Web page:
Pour into 9-inch graham cracker pie shell. Bake at 350 degrees for 8 minutes. Turn oven off and crack door.
If making meringue, place meringue on hot key lime pie, sealing edges to crust then brown to a golden brown. Turn oven off and cracked door after browning meringue. Let pie cool before placing in refrigerator. If using whipped topping, place on pie prior to serving and garnish as desired.
Do you know the difference between beer nuts and deer nuts?
Beer nuts cost around $2.99 and deer nuts can be found under a buck.
Beat me to the Key lime pie. The only thing I do differently is add lime zest to the pie mixture. Really helps to cut the sweetness of the condensed milk and it adds a little interest.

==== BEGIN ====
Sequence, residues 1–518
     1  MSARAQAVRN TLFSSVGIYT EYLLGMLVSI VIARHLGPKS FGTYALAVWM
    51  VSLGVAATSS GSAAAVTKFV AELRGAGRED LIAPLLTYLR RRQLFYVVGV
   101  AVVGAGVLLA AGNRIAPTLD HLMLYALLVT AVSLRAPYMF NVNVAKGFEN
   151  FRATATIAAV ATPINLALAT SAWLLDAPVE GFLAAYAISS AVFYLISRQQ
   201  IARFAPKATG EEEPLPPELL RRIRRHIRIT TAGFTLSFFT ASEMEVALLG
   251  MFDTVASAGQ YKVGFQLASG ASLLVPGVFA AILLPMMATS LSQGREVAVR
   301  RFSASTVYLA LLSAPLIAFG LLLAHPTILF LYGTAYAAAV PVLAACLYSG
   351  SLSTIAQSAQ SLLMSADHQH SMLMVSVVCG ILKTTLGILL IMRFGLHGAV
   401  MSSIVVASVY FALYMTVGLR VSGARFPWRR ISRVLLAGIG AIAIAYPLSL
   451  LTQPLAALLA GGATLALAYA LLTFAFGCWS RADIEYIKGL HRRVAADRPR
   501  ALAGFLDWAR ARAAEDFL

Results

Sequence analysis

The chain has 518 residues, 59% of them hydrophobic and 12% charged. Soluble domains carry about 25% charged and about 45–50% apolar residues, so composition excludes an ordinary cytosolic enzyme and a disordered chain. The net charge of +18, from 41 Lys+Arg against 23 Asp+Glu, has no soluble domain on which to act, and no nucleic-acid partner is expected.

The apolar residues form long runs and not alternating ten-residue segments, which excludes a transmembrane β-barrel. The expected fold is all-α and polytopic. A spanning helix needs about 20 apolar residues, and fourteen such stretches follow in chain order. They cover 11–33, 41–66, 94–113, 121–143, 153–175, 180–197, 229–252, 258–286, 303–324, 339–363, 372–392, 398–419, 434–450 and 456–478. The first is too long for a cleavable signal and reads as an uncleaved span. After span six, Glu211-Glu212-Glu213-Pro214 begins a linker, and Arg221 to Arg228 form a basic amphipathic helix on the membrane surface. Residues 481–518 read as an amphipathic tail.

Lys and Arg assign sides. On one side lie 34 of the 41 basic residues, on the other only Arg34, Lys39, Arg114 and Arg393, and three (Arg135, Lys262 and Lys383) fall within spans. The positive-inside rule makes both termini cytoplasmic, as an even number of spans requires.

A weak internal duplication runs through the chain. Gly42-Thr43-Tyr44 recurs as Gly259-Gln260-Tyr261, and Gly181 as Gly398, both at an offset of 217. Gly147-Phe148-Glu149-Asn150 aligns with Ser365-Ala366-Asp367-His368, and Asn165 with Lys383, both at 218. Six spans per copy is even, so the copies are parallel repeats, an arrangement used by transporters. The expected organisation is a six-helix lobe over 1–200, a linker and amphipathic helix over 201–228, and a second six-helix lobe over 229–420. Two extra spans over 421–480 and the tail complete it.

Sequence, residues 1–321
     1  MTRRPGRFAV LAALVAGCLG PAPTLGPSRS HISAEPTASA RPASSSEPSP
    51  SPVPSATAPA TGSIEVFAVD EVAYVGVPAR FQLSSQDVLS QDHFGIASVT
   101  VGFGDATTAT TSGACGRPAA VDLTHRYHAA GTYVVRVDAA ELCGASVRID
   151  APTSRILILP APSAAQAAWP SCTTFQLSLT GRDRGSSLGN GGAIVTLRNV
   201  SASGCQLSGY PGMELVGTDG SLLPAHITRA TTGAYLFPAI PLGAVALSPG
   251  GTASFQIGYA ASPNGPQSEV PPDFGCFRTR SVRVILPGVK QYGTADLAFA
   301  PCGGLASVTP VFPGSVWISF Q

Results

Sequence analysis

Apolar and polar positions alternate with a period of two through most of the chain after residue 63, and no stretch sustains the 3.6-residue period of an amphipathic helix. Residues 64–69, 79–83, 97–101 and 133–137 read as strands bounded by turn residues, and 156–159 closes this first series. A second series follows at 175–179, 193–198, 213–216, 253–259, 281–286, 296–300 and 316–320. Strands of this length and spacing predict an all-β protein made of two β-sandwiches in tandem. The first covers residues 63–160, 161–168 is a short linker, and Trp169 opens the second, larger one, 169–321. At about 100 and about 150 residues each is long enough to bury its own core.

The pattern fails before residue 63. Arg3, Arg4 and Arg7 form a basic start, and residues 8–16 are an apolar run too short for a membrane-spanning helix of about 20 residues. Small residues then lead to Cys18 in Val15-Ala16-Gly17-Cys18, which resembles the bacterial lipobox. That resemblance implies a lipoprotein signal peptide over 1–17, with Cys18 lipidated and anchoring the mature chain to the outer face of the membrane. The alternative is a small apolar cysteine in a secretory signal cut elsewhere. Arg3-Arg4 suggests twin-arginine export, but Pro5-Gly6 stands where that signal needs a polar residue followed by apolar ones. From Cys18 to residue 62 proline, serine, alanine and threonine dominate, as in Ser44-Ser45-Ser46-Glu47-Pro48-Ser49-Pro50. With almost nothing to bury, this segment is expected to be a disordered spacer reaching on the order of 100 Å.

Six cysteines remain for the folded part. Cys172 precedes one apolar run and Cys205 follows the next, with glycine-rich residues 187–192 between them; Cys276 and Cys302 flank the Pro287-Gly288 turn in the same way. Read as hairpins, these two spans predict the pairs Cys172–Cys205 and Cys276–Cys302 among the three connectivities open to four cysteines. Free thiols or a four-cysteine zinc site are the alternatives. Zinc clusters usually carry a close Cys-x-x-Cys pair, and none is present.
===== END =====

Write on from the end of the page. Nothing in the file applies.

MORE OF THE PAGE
Florida FReeper ping!
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There are probably variations on the batter, but any pancake-like batter will work. Obtain skewers, dip the following items into the batter, and then deep-fry until golden brown.
- Oreo cookies
- Snicker bars
- Milky Way bars
Sprinkle powdered sugar on the fried object when done.
In Southern Maryland its Stuffed Ham.
Take a Corned Ham, cut slits in it and stuff those slits with greens., Cook for 7 hours and serve sliced, cold. The recipe for the greens is handed down from many years family to family, but basically its Cabbage and kale and spring onions perhaps some Collard.Pepper salt red pepper celery seed. You cook it down before stuffing and after stuffing you wrap the meat tight with cheesecloth to keep it from backing out.